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5 Powerful Tips for Persuasive Presentations

No matter how big or small your audience is, the foundation for delivering a captivating presentation depends on your ability to build context. This is not about articulation, the use of language, vocal variety, filler words, verbal crutches, hand gestures, etc. This is more valuable than just technical speaking skills. It’s about how to connect with, and engage your audience.” public speaking

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Public Speaking – 5 Powerful Tips for Persuasive and Captivating Presentations

By Steve H Chang

Let’s face it. Most of us are not comfortable speaking in front of groups, especially when giving formal speeches or presentations. Standing on stage under bright lights, with all those blank faces staring at you, can be incredibly nerve racking. In fact, some people tremble at the mere thought of public speaking.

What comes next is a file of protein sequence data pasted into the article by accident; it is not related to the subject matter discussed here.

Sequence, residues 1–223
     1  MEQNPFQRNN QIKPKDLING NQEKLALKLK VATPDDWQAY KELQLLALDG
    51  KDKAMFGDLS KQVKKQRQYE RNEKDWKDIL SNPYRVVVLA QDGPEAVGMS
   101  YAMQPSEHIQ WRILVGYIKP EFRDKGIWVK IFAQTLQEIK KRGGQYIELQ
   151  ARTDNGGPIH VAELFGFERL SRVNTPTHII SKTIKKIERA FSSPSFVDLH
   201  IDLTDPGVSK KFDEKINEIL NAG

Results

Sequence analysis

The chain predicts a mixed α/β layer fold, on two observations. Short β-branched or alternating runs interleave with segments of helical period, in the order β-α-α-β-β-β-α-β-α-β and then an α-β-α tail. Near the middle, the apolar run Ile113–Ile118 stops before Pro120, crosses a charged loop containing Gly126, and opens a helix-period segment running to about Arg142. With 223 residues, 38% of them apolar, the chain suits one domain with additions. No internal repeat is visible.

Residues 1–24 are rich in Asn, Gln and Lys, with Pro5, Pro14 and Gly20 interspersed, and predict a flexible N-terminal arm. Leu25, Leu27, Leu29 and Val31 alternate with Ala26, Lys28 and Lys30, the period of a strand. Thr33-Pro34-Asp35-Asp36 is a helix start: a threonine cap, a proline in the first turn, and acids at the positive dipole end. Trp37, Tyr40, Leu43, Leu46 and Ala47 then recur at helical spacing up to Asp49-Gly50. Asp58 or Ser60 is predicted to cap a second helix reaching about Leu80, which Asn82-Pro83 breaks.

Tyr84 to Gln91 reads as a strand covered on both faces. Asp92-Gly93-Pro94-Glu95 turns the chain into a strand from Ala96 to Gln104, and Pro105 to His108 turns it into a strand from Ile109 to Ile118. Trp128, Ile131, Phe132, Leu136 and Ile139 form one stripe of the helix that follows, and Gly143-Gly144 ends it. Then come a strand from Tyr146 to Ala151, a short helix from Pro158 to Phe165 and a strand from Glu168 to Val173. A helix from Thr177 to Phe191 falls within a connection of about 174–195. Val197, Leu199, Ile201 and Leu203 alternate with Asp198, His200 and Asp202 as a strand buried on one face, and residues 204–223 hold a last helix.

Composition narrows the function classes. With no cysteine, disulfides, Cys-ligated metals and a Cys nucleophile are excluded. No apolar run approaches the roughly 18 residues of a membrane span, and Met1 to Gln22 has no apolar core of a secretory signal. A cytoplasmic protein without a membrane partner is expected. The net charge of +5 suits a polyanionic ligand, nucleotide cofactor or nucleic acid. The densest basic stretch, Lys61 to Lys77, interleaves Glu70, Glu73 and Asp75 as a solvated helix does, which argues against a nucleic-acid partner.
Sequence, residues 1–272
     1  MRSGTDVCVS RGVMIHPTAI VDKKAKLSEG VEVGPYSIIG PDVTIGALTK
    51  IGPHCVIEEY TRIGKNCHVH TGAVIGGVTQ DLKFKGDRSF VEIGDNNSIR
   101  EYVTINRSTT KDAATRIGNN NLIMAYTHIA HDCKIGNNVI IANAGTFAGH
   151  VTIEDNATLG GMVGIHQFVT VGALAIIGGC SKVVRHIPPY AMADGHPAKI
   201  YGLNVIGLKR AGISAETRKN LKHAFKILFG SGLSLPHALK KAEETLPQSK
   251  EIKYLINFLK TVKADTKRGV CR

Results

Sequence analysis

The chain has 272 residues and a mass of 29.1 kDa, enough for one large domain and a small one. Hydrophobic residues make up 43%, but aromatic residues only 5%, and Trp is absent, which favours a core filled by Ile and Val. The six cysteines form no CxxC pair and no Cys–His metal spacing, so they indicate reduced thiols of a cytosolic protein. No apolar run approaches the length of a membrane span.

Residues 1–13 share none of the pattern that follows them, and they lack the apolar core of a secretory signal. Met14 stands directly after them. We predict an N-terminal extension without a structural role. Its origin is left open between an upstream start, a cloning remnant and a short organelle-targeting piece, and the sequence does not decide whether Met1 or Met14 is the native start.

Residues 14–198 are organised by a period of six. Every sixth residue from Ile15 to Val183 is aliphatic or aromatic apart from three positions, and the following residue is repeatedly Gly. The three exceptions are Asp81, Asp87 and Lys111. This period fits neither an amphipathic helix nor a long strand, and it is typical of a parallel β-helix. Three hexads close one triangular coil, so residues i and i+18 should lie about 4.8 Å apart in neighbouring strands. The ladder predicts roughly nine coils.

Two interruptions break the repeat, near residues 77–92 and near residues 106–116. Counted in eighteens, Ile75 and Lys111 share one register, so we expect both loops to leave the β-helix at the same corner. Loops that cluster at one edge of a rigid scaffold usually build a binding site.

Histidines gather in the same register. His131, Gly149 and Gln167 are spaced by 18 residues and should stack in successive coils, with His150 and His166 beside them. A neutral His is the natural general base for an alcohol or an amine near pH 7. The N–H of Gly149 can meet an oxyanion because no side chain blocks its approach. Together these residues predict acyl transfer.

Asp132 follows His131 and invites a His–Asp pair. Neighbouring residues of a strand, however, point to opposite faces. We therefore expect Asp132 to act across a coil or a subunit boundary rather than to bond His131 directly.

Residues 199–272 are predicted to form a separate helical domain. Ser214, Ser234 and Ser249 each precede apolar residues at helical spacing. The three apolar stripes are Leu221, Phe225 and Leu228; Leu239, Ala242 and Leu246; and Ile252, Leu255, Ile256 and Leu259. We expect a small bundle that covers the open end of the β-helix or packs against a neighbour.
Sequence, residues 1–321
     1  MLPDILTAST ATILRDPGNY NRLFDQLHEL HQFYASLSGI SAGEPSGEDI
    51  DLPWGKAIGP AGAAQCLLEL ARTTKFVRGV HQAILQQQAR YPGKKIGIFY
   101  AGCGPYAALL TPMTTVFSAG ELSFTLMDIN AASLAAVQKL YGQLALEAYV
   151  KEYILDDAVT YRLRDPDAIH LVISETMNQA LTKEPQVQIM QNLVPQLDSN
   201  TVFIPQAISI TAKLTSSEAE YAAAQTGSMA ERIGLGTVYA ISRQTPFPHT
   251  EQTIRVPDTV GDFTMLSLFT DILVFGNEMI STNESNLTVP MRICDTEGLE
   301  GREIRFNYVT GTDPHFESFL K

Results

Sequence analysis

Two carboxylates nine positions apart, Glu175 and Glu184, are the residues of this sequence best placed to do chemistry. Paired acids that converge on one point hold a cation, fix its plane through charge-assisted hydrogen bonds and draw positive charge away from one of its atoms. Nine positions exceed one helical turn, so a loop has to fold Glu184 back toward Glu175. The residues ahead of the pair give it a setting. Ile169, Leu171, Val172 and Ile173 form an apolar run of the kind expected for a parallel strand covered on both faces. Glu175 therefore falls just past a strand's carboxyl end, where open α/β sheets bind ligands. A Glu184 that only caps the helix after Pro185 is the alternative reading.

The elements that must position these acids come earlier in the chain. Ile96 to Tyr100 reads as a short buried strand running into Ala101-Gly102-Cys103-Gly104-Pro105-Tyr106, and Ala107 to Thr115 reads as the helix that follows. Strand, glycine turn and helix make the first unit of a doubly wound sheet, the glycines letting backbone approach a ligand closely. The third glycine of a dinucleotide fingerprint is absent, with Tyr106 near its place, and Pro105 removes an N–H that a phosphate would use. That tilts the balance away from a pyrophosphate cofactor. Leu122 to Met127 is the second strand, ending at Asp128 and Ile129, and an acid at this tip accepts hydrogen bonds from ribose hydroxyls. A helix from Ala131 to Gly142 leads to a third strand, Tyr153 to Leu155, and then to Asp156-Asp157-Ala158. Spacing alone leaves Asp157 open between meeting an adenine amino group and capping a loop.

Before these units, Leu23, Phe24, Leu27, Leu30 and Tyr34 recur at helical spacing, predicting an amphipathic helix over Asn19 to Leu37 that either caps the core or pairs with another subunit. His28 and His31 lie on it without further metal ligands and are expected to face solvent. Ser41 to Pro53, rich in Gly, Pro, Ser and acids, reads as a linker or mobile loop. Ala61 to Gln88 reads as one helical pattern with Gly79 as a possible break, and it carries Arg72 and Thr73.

Did you know the fear of public humiliation is greater than the fear of death? It’s universally true across all cultures. It’s why most people are deathly afraid of public speaking.

Now here’s the paradox. To reach that “next level” of success, socially and professionally, the ability to speak in front of a group is a fundamental necessity. Overcoming this fear will release your untapped potential. It will unlock opportunities that you may currently find unattainable.

One of the most important life skills is communication. Being able to effectively communicate to groups of people gives you an incredible advantage.